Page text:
- Rose BD, Post TW. Hypokalemia. In: Clinical Physiology of Acid-Base and Electrolyte Disorders, 5th ed, Rose BD, Post TW (Eds), McGraw-Hill, New York 2001. p.836.
- Gennari FJ. Hypokalemia. N Engl J Med 1998; 339:451.
- Comi G, Testa D, Cornelio F, et al. Potassium depletion myopathy: a clinical and morphological study of six cases. Muscle Nerve 1985; 8:17.
- Shintani S, Shiigai T, Tsukagoshi H. Marked hypokalemic rhabdomyolysis with myoglobinuria due to diuretic treatment. Eur Neurol 1991; 31:396.
- Dominic JA, Koch M, Guthrie GP Jr, Galla JH. Primary aldosteronism presenting as myoglobinuric acute renal failure. Arch Intern Med 1978; 138:1433.
- Knochel JP. Neuromuscular manifestations of electrolyte disorders. Am J Med 1982; 72:521.
- Knochel JP, Schlein EM. On the mechanism of rhabdomyolysis in potassium depletion. J Clin Invest 1972; 51:1750.
- van Dinter TG Jr, Fuerst FC, Richardson CT, et al. Stimulated active potassium secretion in a patient with colonic pseudo-obstruction: a new mechanism of secretory diarrhea. Gastroenterology 2005; 129:1268.
- Blondon H, Béchade D, Desramé J, Algayres JP. Secretory diarrhoea with high faecal potassium concentrations: a new mechanism of diarrhoea associated with colonic pseudo-obstruction? Report of five patients. Gastroenterol Clin Biol 2008; 32:401.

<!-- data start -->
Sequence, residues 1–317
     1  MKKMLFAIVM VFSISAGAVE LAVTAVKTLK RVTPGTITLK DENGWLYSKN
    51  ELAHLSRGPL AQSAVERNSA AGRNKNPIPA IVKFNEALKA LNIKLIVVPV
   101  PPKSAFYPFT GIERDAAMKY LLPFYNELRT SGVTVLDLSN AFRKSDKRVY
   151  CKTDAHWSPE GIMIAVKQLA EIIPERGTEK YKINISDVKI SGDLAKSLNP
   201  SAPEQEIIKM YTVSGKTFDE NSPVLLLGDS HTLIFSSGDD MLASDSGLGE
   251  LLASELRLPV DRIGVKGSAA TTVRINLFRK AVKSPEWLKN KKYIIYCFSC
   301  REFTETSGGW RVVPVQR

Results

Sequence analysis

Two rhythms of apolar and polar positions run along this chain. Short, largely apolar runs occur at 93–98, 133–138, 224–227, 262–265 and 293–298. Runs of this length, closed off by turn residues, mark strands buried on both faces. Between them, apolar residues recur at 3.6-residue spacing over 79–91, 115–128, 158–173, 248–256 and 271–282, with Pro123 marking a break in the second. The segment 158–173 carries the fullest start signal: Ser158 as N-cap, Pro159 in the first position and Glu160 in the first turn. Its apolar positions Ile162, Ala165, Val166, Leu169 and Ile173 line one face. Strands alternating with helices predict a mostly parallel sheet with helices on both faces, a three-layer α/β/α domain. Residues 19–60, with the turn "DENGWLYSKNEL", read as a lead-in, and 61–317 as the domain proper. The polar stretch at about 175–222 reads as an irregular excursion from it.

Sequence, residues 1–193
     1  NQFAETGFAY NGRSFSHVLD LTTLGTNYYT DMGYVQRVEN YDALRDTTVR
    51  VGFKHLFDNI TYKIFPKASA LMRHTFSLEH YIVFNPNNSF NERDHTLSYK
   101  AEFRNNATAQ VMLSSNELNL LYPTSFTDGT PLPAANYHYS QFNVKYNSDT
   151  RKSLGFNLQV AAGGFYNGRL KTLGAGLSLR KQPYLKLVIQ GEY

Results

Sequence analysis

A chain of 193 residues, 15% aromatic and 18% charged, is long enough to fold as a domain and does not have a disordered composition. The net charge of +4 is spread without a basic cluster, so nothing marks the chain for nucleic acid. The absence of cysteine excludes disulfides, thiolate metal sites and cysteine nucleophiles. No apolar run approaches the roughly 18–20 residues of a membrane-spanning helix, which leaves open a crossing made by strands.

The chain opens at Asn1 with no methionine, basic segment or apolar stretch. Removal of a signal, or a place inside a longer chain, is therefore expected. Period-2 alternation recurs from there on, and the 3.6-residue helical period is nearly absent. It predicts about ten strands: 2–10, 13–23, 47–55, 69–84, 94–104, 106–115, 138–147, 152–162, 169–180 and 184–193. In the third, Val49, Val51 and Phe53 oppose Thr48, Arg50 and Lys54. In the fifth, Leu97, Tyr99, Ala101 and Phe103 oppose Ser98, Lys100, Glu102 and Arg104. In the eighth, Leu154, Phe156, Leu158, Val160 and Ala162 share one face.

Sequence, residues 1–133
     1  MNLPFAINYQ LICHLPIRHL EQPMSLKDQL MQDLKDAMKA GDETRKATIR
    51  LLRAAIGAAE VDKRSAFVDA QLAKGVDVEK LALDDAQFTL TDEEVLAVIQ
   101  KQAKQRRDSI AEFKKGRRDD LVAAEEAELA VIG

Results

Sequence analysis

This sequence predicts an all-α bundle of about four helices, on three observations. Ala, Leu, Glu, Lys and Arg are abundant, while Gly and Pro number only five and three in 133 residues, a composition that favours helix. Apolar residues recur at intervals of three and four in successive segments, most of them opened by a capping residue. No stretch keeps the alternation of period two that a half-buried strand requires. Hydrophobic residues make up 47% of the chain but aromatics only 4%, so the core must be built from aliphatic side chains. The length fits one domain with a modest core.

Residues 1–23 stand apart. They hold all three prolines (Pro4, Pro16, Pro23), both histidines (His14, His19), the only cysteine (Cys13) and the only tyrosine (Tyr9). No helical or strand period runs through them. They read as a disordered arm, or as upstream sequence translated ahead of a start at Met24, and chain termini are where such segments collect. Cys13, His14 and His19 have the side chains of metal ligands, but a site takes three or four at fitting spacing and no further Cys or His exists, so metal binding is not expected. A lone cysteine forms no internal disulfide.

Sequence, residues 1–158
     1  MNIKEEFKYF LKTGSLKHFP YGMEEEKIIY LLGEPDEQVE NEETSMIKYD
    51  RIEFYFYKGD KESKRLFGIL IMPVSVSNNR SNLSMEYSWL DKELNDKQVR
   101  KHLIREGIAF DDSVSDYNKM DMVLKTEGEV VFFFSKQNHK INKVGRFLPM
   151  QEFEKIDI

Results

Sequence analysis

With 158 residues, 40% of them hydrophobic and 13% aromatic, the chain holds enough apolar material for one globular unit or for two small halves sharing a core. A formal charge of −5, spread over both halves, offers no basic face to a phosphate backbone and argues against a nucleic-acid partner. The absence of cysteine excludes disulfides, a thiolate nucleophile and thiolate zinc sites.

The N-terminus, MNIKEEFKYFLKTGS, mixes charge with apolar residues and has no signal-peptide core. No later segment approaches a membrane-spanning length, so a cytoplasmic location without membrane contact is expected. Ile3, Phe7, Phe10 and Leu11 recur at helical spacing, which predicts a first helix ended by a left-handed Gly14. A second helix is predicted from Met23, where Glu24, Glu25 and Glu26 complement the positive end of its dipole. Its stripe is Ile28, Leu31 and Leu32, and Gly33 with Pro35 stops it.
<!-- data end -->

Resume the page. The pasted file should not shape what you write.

- Yelamanchi VP, Molnar J, Ranade V, Somberg JC. Influence of electrolyte abnormalities on interlead variability of ventricular repolarization times in 12-lead electrocardiography. Am J Ther 2001; 8:117.
- Guo J, Massaeli H, Xu J, et al. Extracellular K+ concentration controls cell surface density of IKr in rabbit hearts and of the HERG channel in human cell lines. J Clin Invest 2009; 119:2745.
- Nia AM, Gassanov N, Ortega M, Er F. Drunk potassium channels. Europace 2011; 13:1352.
- Siegel D, Hulley SB, Black DM, et al. Diuretics, serum and intracellular electrolyte levels, and ventricular arrhythmias in hypertensive men. JAMA 1992; 267:1083.
- Mujais SK, Katz AL. Potassium deficiency. In: The Kidney: Physiology and Pathophysiology, Seldin DW, Giebisch G (Eds), Lippincott Williams & Wilkins, 2000. p.1615.
- Goldstein SA. K2P potassium channels, mysterious and paradoxically exciting. Sci Signal 2011; 4:pe35.
- Ma L, Zhang X, Chen H. TWIK-1 two-pore domain potassium channels change ion selectivity and conduct inward leak sodium currents in hypokalemia. Sci Signal 2011; 4:ra37.
- Chen EH, Hollander JE. When do patients need admission to a telemetry bed? J Emerg Med 2007; 33:53.
- Drew BJ, Califf RM, Funk M, et al. Practice standards for electrocardiographic monitoring in hospital settings: an American Heart Association scientific statement from the Councils on Cardiovascular Nursing, Clinical Cardiology, and Cardiovascular Disease in the Young: endorsed by the International Society of Computerized Electrocardiology and the American Association of Critical-Care Nurses. Circulation 2004; 110:2721.